About 80% of online sales at pet-care supplier Dogsee come from such startups, with Amazon and Flipkart accounting for the rest.

“The share of fast-delivery apps two years ago was zero,” said Dogsee founder Bhupendra Khanal. “Anybody who is not on those apps will lose revenue because customers have changed their shopping habits. It’s akin to the instant messaging revolution.

“I think e-commerce companies will have to ensure next-day delivery in almost everything that they do,” he added

Workers sorting customer orders at a BigBasket warehouse in Noida, a city in India’s northern Uttar Pradesh state.    © Getty Images

But fast-delivery startups also have their limitations. Small warehouses limit their ability to stock up, which translates into a long queue of brands waiting to be listed and a limited choice for buyers. The fight for shelf space is only going to intensify as they move into new categories, a problem also faced by the brick-and-mortar retailers that these startups set out to disrupt.

“By default, the business model does not support a large assortment, so they will become hyper-curated platforms” said Bala Sarda, chief executive at tea brand Vahdam, which lists only two of its top-selling green teas on Blinkit.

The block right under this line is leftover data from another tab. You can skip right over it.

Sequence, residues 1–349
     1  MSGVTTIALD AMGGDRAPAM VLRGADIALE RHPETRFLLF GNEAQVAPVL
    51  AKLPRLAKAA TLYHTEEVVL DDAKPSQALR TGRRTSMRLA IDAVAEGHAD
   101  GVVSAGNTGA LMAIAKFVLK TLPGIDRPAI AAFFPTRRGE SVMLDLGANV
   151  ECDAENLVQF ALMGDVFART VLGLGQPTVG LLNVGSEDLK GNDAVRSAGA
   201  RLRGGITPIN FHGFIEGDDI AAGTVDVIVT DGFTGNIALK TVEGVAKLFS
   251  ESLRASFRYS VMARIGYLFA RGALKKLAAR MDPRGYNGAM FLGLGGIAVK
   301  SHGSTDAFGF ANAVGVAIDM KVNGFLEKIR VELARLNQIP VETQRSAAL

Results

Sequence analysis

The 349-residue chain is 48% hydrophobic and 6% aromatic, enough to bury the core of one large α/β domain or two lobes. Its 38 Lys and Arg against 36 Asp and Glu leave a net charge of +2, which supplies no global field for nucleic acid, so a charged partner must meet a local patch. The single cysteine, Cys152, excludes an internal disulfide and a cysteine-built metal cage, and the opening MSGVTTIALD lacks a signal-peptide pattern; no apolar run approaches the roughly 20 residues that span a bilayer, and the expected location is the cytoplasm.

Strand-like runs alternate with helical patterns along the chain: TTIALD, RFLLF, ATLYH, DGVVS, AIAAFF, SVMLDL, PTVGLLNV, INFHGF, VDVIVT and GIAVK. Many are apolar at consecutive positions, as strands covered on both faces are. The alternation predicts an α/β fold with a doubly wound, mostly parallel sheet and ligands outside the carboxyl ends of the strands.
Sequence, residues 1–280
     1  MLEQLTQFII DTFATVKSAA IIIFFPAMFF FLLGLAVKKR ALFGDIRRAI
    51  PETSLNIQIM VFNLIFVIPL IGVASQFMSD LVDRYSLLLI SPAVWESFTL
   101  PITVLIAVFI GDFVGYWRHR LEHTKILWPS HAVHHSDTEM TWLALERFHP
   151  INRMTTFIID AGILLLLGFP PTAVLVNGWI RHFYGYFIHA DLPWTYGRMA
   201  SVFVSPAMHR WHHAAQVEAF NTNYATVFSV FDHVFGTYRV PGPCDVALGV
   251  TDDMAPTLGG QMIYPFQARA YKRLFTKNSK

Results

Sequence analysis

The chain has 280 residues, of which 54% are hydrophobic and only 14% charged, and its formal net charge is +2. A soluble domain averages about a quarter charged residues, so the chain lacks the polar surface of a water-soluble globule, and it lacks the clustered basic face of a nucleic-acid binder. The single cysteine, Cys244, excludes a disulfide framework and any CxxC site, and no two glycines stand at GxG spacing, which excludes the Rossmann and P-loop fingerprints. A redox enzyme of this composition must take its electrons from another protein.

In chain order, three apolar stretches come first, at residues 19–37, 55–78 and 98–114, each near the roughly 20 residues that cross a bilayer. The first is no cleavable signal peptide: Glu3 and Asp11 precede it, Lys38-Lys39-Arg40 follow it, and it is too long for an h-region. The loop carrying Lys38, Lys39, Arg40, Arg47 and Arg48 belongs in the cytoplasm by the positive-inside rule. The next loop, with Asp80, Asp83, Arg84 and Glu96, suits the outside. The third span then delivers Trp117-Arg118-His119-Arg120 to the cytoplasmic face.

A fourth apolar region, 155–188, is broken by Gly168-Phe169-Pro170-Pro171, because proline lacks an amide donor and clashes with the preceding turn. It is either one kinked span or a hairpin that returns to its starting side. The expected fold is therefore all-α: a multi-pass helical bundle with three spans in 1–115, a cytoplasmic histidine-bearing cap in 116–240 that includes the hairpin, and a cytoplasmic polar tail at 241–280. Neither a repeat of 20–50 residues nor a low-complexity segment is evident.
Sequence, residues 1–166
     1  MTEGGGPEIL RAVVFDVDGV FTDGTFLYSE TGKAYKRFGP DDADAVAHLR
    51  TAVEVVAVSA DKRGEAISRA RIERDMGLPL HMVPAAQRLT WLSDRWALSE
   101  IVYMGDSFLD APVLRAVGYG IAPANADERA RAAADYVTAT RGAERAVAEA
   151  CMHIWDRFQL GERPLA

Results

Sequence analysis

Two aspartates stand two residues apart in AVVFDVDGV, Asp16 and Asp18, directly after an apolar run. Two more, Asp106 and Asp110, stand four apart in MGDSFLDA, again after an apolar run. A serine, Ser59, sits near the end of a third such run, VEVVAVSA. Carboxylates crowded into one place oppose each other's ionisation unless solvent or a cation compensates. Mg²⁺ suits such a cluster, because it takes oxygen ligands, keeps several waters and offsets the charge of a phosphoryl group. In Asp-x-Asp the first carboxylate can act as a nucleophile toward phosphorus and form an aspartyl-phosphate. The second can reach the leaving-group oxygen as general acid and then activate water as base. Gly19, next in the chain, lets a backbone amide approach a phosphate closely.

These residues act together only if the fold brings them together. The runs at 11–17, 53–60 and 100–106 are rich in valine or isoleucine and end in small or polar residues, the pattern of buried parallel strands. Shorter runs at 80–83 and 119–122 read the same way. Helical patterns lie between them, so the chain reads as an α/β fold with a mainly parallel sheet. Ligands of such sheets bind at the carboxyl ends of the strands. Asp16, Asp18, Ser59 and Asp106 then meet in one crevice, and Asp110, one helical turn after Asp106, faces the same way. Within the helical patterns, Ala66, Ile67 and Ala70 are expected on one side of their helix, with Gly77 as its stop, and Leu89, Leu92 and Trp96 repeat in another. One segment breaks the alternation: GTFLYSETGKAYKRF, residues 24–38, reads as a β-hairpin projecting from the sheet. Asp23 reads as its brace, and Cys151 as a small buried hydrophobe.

There are also questions about whether the new shopping habits of urban Indians will be replicated in smaller cities, where orders are smaller in value and neighborhood stores still dominate. Lower population density could also arrest the growth of fast delivery in smaller communities, said Redseer’s Bhatnagar.

“We will see significant growth in the next couple of years, but it could taper thereafter because they may run out of users in large cities and the model is not replicable in smaller cities,” he said. “But I am not ruling out a surprise.”